95-year old music legend Billy Diamond to be buried tomorrow, 12/9

His biggest claim to fame may be giving “Fats” Domino his nickname, but William “Billy” Diamond, who passed away on October 20, 2011, wore every hat in the music business.

Billy Diamond was born on October 5, 1916 and began his career as a washtub bass player. He hobnobbed with the early greats of jazz music. Louis “Satchmo” Armstrong gave him a trumpet and Oscar “Papa” Celestin was his teacher when he graduated to a proper upright bass.

Diamond was one of the first to recognize the talent of Antoine “Fats” Domino when he heard the young man perform in the 9th Ward of New Orleans. Diamond gave him the nickname because his playing resembled the legends “Fats” Waller and “Fats” Pichon. Domino would later “grow” into his nickname.

On the strength of that performance, Diamond hired Domino in 1947 to play in his band, the Solid Senders. By the early 1950s Domino had changed the face of American music and helped to usher rock ‘n’ roll music into existence. Diamond played bass on some of his early recordings including “Ain’t That A Shame” and was his road manager throughout the 1950s. Diamond relocated to Los Angeles in the early 1960s where he worked a booking agent, promoter and club manager.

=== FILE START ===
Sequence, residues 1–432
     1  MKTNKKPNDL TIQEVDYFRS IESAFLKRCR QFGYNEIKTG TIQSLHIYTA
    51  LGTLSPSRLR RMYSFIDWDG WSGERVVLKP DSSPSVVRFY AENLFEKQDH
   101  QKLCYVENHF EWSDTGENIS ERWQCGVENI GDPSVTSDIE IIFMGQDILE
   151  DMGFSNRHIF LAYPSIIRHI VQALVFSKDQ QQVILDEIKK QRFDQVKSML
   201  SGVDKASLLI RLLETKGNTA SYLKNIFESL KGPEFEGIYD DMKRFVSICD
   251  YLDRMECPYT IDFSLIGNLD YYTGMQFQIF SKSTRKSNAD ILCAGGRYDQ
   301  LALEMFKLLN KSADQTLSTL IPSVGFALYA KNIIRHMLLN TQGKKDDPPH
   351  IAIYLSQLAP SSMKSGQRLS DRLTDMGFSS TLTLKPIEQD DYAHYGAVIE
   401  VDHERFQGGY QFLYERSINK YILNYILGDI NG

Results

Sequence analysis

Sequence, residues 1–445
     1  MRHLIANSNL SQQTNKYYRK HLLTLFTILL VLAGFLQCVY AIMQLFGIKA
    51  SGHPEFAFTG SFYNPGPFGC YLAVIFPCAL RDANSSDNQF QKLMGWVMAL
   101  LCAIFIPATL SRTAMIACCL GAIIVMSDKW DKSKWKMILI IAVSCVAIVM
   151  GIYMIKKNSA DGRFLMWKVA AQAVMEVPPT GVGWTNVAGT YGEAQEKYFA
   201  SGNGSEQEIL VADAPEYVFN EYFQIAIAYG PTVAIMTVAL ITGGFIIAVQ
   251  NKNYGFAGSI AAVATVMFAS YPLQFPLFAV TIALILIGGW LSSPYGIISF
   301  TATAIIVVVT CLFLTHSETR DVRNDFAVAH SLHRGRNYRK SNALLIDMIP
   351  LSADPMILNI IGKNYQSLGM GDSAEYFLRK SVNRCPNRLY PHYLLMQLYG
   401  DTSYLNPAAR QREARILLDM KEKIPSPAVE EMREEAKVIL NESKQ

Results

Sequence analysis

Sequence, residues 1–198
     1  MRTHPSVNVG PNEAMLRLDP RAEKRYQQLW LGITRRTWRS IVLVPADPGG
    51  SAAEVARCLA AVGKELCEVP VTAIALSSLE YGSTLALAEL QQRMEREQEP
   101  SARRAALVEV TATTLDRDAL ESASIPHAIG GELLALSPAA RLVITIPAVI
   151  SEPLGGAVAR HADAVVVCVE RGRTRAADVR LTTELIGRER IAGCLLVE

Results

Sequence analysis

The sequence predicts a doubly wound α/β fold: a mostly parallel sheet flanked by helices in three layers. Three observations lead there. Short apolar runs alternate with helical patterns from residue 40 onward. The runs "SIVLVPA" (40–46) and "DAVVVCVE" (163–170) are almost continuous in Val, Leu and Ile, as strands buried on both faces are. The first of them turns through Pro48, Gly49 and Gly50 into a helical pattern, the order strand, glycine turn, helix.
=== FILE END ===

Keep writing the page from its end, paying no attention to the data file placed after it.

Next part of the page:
Despite living in Los Angeles for the better part of his life, he will be buried in the historic St. Louis #1 cemetery of his hometown. In a twist on the jazz funeral tradition, friends, family and musicians will gather at the gates of the cemetery (400 Basin Street) at 1 PM tomorrow. The funeral procession will proceed to his tomb for the service.

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